Webinar: Agricultural best practices through ICT interventions
NEWS AND FEATURES
GLA members attend training on Social Performance Management and the Progress out of Poverty Index (PPI)
Twenty-two current and prospective GLA members from Asia, Eastern and Southern Africa participated in a five-day training on Social Performance Management and the Progress out of Poverty Index held in the Philippines from December 13 to 17, 2014. Organized by the International Institute of Rural Reconstruction (IIRR), the training had the following objectives: 1) describe the PPI in the context of social performance management; 2) define the PPI in terms of purpose, construction and use; 3) explain key steps and best practices in the implementation of the PPI; 4) explain key uses, challenges and benefits of the PPI; and, 5) identify opportunities for the use of PPI in the participants’ respective organizations and develop corresponding action plans towards this. IIRR tapped Grameen Foundation’s PPI Specialist for Asia, Mr. Cris Lomboy, to be the main trainer and resource person.
The Progress out of Poverty Index (PPI) is a poverty measurement tool for organizations and businesses with a mission to serve the poor. With the PPI, organizations can identify the clients, customers, or employees who are most likely to be poor or vulnerable to poverty and integrate objective poverty data into their assessments and strategic decision-making. The PPI is country-specific and to date, 55 countries have fully developed PPIs courtesy of Grameen Foundation. As a poverty measurement tool, the PPI fits nicely with the GLA’s theme: “Graduating Millions out of Poverty.”
As a key feature of the training, visits to two livelihood-promoting NGOs that have strong social performance management and have embedded the use of PPI in their operations, were organized. This gave the participants the opportunity to observe how the PPI score card is administered with clients, how the data is processed and analysed and how the information is used at different levels of operations. Some of the participants even tried administering the tool themselves during the visits to communities. Participants were also given ample time to interact with officers of both organizations on the benefits and challenges they faced in the used of the tool.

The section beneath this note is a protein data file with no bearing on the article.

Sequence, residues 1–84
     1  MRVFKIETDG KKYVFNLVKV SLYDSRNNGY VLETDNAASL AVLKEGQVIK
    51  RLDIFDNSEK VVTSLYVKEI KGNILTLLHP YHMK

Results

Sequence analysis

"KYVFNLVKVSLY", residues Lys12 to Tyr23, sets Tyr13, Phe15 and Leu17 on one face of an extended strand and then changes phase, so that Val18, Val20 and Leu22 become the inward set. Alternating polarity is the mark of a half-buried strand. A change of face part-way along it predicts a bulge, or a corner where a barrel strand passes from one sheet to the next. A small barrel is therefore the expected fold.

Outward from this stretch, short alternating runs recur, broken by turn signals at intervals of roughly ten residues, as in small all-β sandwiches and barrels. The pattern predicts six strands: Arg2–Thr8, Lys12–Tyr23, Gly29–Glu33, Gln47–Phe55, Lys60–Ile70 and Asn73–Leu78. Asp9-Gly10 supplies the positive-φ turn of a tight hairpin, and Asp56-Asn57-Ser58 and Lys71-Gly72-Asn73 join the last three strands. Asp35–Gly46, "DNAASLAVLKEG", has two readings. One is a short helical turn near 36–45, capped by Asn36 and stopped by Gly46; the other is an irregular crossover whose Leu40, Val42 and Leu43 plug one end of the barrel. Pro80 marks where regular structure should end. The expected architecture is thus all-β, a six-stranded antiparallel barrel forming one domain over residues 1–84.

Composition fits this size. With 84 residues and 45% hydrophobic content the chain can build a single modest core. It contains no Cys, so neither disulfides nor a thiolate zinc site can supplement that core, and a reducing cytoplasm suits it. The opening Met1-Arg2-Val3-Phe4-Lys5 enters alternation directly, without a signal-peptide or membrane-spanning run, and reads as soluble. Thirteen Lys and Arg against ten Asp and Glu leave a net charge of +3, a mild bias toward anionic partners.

A participant involved in a project that provides micro-credit to poor women recalled that his organization did not carry out any meaningful baseline study to look at the profile of the intended beneficiaries to enable the project to carry out a targeted intervention. He said, they were not able to have a clear picture of the poverty level of prospective beneficiaries which resulted in un-informed strategic decision-making process, un-measured poverty outreach, unstructured assessment of the performance of the intervention among the poor and poorest and weak tracking of poverty levels over time. A number of other participants expressed similar experiences in their respective organizations. They therefore saw the use of the PPI as a good mechanism to address this and have prepared their individual and group actions plans for this purpose.
The organizations represented in the training include the following:
• India – Institute of Livelihood, Research and Training (ILRT), Udyogini and Kabil
• Indonesia: SNV-Indonesia, Mercy Corps- Indonesia and Social Trust Fund – State Islamic University Jakarta
• Kenya: K-Rep Development Agency; Juhudi Kilimo; VSO-Jitolee; Egerton University; IIRR; Farm Shop Trust; Cascade Development Organization
• Uganda: FIT Uganda
• Tanzania: Tanzania Gatsby Trust
• Zimbabwe: International Rescue Committee, Ruzivo Trust, Practical Action
• South Africa: Institute of Agribusiness Research & Development in Southern Africa; Simfresh International
The training forms part of the capacity-building component of the project entitled: Strengthening Learning Alliances and Networks for Scaling up Successful Research and Development Activities to Advance Livelihood Promotion (Phase 2) funded by the Ford Foundation.